Why do the lives of the victims of the Titan submarine matter more than those of the migrants killed in the boat tragedy in Greece?
In June, two horrific tragedies occurred just three days apart – a coincidence that exposed the glaring hypocrisy of the world’s response: Hundreds of people died fleeing danger sank without a trace, but five who sought him were revered and mourned.
The Titan submersible began its descent three days after a fishing trawler sank off the coast of Greece with 750 people on board (Photo by Ocean Gate/Handout/Anadolu Agency via Getty)
The sea sent a scary message in mid-June, following two terrible accidents. The first: a ship carrying 750 people across the Mediterranean, fleeing the hell of their country to what they thought was a safe place.
Crammed into a fishing trawler, they had paid the smugglers all they had to secure a place. The boat is nameless, it was old and rusty, with enough room for a quarter of the number of people on board. The passengers set off from Tobruk, on the eastern coast of Libya, unaware smugglers tricked them into telling them the ship was safe and assuring them that they would reach their destination.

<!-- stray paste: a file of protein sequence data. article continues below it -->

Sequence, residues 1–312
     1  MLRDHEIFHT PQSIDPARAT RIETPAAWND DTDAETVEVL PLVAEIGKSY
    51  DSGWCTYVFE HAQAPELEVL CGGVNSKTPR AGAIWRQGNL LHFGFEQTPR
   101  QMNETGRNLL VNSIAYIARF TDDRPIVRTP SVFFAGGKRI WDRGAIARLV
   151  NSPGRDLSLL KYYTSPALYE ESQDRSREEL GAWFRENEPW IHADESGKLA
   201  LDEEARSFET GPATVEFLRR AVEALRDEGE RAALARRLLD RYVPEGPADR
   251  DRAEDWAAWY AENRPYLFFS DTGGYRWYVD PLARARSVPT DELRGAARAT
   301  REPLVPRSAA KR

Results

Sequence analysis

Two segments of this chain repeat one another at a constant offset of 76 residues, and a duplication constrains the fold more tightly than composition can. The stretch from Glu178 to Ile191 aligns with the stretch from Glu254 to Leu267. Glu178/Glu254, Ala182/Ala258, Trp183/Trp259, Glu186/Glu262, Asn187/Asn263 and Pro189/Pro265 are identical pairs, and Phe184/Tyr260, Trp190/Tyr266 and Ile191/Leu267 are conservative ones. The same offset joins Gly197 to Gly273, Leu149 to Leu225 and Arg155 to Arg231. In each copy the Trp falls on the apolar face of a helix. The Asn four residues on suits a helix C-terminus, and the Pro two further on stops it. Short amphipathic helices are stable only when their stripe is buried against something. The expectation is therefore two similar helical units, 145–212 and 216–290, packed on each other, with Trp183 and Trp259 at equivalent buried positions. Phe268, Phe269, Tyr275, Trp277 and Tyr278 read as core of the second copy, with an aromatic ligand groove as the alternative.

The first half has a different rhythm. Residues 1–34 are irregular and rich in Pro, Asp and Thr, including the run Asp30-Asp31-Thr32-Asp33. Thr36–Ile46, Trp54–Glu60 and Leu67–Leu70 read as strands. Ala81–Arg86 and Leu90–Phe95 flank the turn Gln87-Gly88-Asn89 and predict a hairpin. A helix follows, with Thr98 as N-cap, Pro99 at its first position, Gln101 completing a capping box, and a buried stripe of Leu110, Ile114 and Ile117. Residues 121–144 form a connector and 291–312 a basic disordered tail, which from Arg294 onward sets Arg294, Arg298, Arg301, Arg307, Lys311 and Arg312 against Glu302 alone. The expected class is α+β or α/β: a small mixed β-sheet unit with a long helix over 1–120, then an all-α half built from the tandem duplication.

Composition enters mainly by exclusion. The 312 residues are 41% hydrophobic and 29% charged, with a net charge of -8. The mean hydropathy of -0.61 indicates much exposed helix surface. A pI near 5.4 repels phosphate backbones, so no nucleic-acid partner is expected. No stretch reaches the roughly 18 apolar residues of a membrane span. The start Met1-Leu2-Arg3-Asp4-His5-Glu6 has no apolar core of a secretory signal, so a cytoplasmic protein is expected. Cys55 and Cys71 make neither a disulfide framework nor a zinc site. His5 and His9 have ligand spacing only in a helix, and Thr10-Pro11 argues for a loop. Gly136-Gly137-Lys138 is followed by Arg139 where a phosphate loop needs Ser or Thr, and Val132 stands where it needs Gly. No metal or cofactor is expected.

On their way to Italy, near the Greek coast, their the ship began to sink, and issued SOS calls. But the Greek coastguard was slow to act, slow to report the impending disaster – and the trawler sank quickly. Result: a hundred people escaped by swimming towards the shore. 82 corpses have been recovered from the sea, while more than 500 people now lie at the bottom of the ocean, including a hundred children.
The second accident happened three days later, thousands of miles away, in the North Atlantic Ocean off the coasts of the United States and Canada. Another vessel, a mini-submersible, equipped with state-of-the-art technology and fully equipped for a seven-hour voyage, descended 4,000 meters below the surface of the ocean. He was equipped with everything necessary to achieve his goal.